|Angela Merkel was also in the Global Tax 50 2016, 2015 and 2013|
Now entering her fourth term as Chancellor, Angela Merkel holds one of the most successful records of leadership in the world. Thanks to the strength of the German economy, Merkel has been able to run on a platform of lower taxes, full employment and a budget surplus.
Moreover, her continued influence in the European Union has allowed governments to join forces to push for tax measures such as the turnover tax, and keep the possibility of a financial transactions tax alive.
In Germany, meanwhile, this term is set to be her last, but few politicians have had such good fortune. Yet the electoral victory in September was bittersweet. After a dozen years at the centre of power, Merkel is staring down new challenges. Merkel's conservative bloc, the Christian Democratic Union and the Christian Social Union (CDU/CSU), suffered their worst result since 1949. Even the grand coalition with the Social Democratic Party (SPD) was no longer seen as a viable option.
As if this weren't bad enough, Germany has seen the far-right Alternative for Deutschland (AfD) claim seats in the Bundestag for the first time. The Social Democrats decided to leave government and return to the opposition because the fear was that the AfD may be left as the dominant opposition party if the grand coalition remained in place.
The press began to talk up the possibilities of a 'Jamaica' coalition, so called because it would bring together the Greens and the Free Democrats (FDP) with Merkel's party. But the negotiations had problems from the start and soon hit a wall. The FDP campaigned to limit the flow of refugees, reduce the size of the state and slash taxes much more dramatically than the CDU.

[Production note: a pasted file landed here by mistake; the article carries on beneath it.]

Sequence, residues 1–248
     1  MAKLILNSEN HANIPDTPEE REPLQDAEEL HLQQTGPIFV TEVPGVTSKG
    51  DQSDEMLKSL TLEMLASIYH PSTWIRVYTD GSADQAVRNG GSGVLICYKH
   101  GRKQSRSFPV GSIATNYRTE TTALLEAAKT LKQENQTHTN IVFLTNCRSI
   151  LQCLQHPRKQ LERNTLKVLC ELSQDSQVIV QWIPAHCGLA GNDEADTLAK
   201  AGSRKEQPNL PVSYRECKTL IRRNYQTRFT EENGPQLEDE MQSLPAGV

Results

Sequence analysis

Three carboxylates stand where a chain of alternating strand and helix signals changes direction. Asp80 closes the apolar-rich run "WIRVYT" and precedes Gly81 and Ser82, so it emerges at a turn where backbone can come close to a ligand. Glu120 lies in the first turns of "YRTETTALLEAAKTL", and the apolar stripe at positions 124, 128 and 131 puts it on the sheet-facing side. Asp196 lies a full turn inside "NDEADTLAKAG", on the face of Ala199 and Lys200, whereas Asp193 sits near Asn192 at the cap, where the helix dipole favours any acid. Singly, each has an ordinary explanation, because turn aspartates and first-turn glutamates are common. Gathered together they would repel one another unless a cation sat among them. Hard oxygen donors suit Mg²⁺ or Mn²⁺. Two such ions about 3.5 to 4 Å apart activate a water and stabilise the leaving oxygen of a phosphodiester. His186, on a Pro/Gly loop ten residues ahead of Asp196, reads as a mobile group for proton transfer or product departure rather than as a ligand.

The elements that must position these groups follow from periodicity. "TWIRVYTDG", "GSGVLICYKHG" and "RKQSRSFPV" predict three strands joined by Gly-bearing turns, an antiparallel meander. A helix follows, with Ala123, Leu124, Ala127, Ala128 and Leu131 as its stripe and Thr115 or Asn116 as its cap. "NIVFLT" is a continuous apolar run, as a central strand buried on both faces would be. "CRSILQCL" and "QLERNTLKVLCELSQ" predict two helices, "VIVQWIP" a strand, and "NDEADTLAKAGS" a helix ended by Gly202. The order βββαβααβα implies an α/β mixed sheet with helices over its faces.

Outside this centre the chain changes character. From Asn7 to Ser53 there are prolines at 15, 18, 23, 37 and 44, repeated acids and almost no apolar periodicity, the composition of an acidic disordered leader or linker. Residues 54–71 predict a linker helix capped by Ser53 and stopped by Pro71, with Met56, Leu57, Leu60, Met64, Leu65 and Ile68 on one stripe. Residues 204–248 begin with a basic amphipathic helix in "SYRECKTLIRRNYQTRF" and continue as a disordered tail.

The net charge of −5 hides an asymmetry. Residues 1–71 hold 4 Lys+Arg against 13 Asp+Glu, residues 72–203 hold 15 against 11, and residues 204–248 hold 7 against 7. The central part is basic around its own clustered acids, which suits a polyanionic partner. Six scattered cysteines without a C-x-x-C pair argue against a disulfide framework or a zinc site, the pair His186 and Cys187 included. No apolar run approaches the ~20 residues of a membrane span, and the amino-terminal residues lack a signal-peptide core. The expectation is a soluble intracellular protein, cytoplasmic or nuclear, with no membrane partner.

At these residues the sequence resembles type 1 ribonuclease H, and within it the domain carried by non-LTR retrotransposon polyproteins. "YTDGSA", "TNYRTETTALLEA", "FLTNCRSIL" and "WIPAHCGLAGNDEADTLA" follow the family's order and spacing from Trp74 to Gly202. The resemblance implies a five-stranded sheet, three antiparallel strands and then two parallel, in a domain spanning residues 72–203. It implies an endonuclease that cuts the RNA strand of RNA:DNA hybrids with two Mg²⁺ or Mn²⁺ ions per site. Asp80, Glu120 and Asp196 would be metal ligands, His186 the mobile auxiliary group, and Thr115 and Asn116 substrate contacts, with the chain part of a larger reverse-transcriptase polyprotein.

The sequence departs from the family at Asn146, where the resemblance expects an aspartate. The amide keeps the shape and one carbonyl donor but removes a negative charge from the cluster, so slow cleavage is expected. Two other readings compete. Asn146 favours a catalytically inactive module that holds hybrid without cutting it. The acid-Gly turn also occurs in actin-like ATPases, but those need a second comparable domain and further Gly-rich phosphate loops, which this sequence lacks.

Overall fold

Not only has the FDP tried to outmatch Merkel on tax reform, the party's leader Christian Lindner walked out of negotiations at the risk of triggering a new election. "I regret, with full respect for the FDP, that we could not come to a mutual agreement," Merkel told the press.
Tax reform was one of the key issues of contention, with the CDU preferring a much more gradual approach than the FDP when it comes to cutting rates and phasing out the solidarity tax. Lindner called for €30 billion ($35.4 billion) in tax cuts on the campaign trail. This was a part of the FDP agenda to rapidly shrink the size of the state.
Although Merkel still has the strongest claim on government, the German leader is in an awkward position with little clarity over the prospects of forming a new government. She can either cobble together a minority government with the Green Party or try to persuade the SPD to return to government. The alternative is a new round of elections.
As a consequence, the CDU has had to go back to the drawing board and consider a grand coalition with the SPD. This is despite the fact that the Social Democrats previously made it clear they would return to the opposition ranks. In contrast to talks with Lindner, Merkel may find it much easier to dilute the CDU's low tax commitments to strike a new deal with old friends.
Working with the SPD has served Merkel well in the past, but the situation today is quite different. It took the two parties the best part of 100 days to reach a coalition agreement in 2013. The stakes are higher and the game has only got more difficult. The centre ground is not what it once was, but, regardless, Merkel remains the strongest player.
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